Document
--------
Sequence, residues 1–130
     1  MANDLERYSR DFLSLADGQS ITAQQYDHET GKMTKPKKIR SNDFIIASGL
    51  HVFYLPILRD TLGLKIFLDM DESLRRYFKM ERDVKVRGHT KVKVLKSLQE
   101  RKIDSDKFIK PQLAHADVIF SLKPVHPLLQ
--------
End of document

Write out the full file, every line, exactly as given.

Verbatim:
Sequence, residues 1–130
     1  MANDLERYSR DFLSLADGQS ITAQQYDHET GKMTKPKKIR SNDFIIASGL
    51  HVFYLPILRD TLGLKIFLDM DESLRRYFKM ERDVKVRGHT KVKVLKSLQE
   101  RKIDSDKFIK PQLAHADVIF SLKPVHPLLQ